Amsterdam mayor accuses Netanyahu of hurting the fight against anti-Semitism


(JTA) — When the leaders of 32 cities around the world convened Tuesday for a “Mayors Summit Against Anti-Semitism,” the event was billed as the first of its kind.

It also illustrated the challenges of tackling the topic, as the mayor of Amsterdam used her video address to make the case for being able to criticize Israel without being condemned as anti-Semitic and quickly drew a rebuke from Israel’s ambassador to the Netherlands.

Last year, the Netherlands-based International Criminal Court decided that it had jurisdiction to prosecute Israelis for alleged war crimes in Gaza in 2014. Israeli Prime Minister Benjamin Netanyahu criticized the court’s decision as “anti-Semitic edicts.”

Femke Halsema, Amsterdam’s mayor and a former leader of a left-wing Dutch political party, challenged that criticism in her speech.

“If someone says for political gain that a legal investigation by the International Criminal Court of a state actor in Gaza is anti-Semitism, then you deeply undervalue the meaning [of] anti-Semitism and the dark outcomes of anti-Semitism nowadays and in history,” 

“You are allowed to criticize the policy of the Netherlands. People should also be allowed to criticize the policy of the state of Israel,” Halsema said, adding that it is wrong to “equate criticizing an act of the state of Israel with hatred of Jews.”

Halsema’s comment, shared on Twitter, drew a sharp rebuke from Israel’s ambassador to the Netherlands, Naor Gilon.

“Criticizing #Israel is legitimate,” Gilon tweeted. “Yet, one should ask herself, especially in a conference dealing with #Antisemitism, why is the only Jewish State criticized internationally in a disproportionate manner?”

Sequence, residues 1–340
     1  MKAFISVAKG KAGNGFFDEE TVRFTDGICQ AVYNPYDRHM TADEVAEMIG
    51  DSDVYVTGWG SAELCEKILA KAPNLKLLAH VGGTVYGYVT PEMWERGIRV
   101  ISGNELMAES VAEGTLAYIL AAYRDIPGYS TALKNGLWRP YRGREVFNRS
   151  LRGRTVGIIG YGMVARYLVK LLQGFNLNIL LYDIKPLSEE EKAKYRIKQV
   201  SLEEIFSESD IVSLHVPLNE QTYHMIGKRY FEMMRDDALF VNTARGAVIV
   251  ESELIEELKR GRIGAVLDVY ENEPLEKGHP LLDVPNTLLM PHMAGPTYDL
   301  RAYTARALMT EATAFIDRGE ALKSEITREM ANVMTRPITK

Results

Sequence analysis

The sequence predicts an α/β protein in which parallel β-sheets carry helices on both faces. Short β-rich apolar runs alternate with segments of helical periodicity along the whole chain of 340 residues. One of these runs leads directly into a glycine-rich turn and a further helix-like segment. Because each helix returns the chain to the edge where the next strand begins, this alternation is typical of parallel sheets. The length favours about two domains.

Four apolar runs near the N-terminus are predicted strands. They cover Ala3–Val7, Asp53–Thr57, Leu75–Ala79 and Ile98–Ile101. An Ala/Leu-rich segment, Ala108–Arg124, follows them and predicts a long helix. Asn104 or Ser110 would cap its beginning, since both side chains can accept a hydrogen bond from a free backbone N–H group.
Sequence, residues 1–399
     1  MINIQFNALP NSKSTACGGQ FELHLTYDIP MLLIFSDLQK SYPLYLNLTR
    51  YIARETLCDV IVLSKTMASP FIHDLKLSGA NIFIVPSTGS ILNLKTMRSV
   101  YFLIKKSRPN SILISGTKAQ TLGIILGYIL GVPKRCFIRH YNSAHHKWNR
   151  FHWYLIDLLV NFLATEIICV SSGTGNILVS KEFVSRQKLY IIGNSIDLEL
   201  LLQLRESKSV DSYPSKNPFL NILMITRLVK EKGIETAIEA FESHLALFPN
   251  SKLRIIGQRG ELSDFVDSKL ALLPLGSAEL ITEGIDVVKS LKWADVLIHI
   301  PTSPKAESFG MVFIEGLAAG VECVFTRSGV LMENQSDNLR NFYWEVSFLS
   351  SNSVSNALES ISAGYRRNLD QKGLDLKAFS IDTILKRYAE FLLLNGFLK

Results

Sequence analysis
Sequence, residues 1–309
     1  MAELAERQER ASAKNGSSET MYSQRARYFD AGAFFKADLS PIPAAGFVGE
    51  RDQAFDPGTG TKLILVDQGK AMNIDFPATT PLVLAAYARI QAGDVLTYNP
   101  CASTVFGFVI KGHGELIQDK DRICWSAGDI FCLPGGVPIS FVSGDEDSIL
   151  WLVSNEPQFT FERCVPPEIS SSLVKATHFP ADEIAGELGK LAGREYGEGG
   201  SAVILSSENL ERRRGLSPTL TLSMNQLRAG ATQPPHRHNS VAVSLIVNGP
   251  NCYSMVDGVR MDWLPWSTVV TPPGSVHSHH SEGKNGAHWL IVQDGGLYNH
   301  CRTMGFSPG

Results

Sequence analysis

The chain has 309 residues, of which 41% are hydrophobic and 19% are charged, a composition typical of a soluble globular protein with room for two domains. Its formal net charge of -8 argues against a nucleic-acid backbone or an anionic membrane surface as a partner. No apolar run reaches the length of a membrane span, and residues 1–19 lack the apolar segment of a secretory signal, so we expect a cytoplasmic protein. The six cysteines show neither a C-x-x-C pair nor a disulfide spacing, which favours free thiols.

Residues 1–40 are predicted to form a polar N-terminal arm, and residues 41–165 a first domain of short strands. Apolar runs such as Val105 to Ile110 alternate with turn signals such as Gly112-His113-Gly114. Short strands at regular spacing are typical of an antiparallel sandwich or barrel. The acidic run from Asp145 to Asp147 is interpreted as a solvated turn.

The dustup was a moment of tension in a four-hour virtual event hosted by the German city of Frankfurt, along with the U.S.-based Combat Anti-Semitism Movement, that drew mayors from 21 countries on three continents. Frankfurt Mayor Uwe Becker, 51, told the Jewish Telegraphic Agency that he wanted to bring together people who are “in charge of the fight against anti-Semitism, so they can learn from each other and feel that they are not alone.”

Anti-Semitism in Germany is “as diverse as our society,” Becker said. The coronavirus pandemic, he said, “worked like an incubator, speeding up the spread of anti-Semitic conspiracy theories.”

The summit’s organizers had endorsed the International Holocaust Remembrance Alliance’s working definition of anti-Semitism, which states that “criticism of Israel similar to that leveled against any other country cannot be regarded as anti-Semitic.” 

The definition, known as IHRA, has been criticized for potentially chilling criticism of Israel’s government, and this week, a group of liberal scholars proposed an alternative definition that would allow a wider range of Israel critiques. Halsema was discussing the definition when she made her comments.

Becker said the IHRA definition is an effective “formula which helps to define and detect anti-Semitism.” He also told the event’s participants that the stakes of combating anti-Semitism go far beyond figuring out how to define it.

“When Jews, our citizens, ask themselves if they will have a safe and secure future in our cities; when boys don’t like to wear kippot and decide to wear a baseball cap instead; when girls hide the Star of David on their necklaces … we have to push back,” Becker told the assembly. “It’s up to us to act.”

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